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Sundlee '16: The future of American resilience

On the morning of March 22, one million cubic yards of earth slumped off of a hillside in Snohomish County, Wash. The wall of mud has taken the lives of 30 people so far.

The immediate cause of this horrific tragedy is unseasonably warm weather accompanied by heavy rainfall. The area had recently been logged, and the sudden downpour left the soil oversaturated and unstable, dealing a crippling blow to the hillside’s structural integrity. Landslides such as this one are not usual for the region. But rising temperatures, accompanied by heavier rainfall in decades to come will ensure that mudslides like this will no longer be aberrations. The Intergovernmental Panel on Climate Change recently concluded in its report that, when it comes to the climate changing, the worst is yet to come.

This latest catastrophe comes in the wake of a slew of foreboding climate-induced disasters that underscore the notion that global warming may not be just a looming spectre somewhere in the distant future. Many members of the scientific community believe we are witnessing the phenomenon now, and that is too late to entirely reverse the effects of global warming. The best course of action now is to focus on making sure our society will hold strong in the face of impending climate hardships. In addition to pursuing paths towards sustainability, we need to work on bolstering our resilience.

Resilient responses to disaster are something that Americans need to be especially concerned about. We have prided ourselves on being hardy in the face of adversity in the past. But as we approach what may be one of the greatest challenges facing humanity, this American flintiness has shown signs of softening. Our society is reliant on a fragile electric grid and decaying infrastructure. When our power is cut off we are rendered practically helpless. Nine out of 10 Americans live in an area that puts them at significant risk of natural calamities, a risk that will only grow with climate change. Great nations will be the ones that attempt to effectively deal with these changing conditions.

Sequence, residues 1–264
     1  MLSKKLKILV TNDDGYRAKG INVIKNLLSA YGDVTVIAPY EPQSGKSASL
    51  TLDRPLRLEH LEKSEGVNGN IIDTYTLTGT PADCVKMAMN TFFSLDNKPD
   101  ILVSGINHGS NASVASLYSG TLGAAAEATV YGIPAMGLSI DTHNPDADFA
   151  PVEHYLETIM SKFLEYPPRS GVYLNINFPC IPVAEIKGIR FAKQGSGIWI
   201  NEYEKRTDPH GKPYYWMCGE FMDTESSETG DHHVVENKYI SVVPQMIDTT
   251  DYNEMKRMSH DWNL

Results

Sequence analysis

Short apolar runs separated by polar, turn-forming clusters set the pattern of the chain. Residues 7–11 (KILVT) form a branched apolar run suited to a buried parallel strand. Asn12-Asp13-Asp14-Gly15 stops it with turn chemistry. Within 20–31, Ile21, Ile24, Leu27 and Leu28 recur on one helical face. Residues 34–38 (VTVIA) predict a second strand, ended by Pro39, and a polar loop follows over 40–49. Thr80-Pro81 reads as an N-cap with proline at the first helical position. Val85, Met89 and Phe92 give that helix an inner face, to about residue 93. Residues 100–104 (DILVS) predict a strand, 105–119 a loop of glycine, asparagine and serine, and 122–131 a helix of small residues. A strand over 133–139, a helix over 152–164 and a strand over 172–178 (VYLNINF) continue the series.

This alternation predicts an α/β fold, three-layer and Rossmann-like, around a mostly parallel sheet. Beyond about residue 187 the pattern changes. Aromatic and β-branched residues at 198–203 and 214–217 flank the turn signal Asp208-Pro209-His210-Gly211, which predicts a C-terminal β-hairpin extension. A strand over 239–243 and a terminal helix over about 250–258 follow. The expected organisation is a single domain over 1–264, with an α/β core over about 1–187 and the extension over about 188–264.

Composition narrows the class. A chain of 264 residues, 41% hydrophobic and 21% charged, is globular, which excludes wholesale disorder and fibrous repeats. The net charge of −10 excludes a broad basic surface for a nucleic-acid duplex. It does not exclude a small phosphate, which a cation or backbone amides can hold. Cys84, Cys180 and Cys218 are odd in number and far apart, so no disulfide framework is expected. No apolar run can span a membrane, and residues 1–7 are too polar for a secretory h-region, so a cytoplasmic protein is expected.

It is not just physical unpreparedness that is leaving the United States brittle. Above all, resilience requires unity. For this reason, it is imperative that all citizens recognize the threat and respond with solidarity as well as the confidence that we can weather the storm. Republican obstinance to climate-related policy will fade eventually — it’s just a question of time. The study by IPCC found evidence that governments are beginning to make preparations to adapt to the changing climate in spite of opposition from conservatives and nay-sayers. But partisan gridlock in the face of these environment challenges will cost lives if it persists, making it essential that our politicians find paths to compromise over the issue. The key to ensuring our country is united in facing this threat will be to appeal to the resilience of the American spirit — something we take pride in and share.